If you want to understand the chaotic Tweet-storms and the contradictory policy “statements,” you need to read management theory.  Google the words “management” and “disrupt.”  You will be treated to a heaping pile of results, most of which talk about disrupting the marketplace.  Successful innovations give the advantage to small, nimble start-ups because such innovations disrupt the way large, stable companies do business.  You will be directed to the work of Clayton Christensen if you want to read more about disruptive innovation.

Such advice works well enough when we are talking about marketplace competition, especially when that marketplace involves newer technologies.  Tech industries turn the world upside down three times a week when they are really cooking.  Disruption is the order of the day.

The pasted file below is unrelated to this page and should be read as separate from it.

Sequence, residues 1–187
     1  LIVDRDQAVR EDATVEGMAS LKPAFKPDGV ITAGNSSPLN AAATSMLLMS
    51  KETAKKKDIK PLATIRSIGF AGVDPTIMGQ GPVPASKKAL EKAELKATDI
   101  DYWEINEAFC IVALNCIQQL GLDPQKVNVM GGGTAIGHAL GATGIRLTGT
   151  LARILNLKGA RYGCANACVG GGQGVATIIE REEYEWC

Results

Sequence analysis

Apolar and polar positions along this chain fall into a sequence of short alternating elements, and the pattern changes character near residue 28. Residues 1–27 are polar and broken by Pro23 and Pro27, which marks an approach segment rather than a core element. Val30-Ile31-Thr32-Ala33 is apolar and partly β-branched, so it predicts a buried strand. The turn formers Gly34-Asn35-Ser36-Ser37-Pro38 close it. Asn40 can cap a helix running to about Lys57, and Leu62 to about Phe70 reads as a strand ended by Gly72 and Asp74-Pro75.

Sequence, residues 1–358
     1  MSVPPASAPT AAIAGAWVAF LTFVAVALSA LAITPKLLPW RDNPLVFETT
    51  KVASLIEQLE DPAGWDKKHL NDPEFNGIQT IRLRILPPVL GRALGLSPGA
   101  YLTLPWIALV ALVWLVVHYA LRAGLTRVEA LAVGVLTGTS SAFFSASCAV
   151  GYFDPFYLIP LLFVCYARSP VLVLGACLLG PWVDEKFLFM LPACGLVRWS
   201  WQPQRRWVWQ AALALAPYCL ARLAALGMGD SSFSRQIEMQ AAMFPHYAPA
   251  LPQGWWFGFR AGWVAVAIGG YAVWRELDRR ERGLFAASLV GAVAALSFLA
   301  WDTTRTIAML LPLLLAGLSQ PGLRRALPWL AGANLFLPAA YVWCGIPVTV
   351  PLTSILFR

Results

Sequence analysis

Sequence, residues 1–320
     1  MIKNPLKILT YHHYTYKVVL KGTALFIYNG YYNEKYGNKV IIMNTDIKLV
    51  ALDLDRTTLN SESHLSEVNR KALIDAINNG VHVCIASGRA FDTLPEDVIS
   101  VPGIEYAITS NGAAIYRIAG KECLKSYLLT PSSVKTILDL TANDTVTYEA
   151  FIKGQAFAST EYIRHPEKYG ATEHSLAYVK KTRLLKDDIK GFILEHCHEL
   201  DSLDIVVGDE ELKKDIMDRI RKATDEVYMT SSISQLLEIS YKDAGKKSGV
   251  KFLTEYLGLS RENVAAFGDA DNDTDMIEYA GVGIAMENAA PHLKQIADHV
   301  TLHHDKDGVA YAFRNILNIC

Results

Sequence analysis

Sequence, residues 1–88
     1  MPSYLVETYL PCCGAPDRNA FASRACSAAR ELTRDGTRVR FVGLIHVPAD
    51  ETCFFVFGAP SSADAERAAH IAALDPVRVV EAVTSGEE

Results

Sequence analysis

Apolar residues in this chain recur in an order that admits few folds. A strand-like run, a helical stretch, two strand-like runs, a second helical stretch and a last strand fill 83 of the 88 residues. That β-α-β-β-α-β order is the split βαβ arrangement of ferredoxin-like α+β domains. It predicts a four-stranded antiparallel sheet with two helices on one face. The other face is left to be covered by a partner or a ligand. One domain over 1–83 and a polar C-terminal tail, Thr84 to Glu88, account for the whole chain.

Do not confuse this disruption with the ἤγγικεν of the Dominion.

But disruption is also used a cheesy management strategy.

Why did the transition team ask for the names of federal employees associated with the accepted scientific analysis of the human contribution to climate change?  Why does the president-elect insist on attacking heroes of the Civil Rights movements or senators who were held prisoner by North Vietnam?  Why did the candidate who finally lost the popular vote but pulled out a win in the Electoral College insist on issuing intemperate attacks on China, or Mexico, or NATO?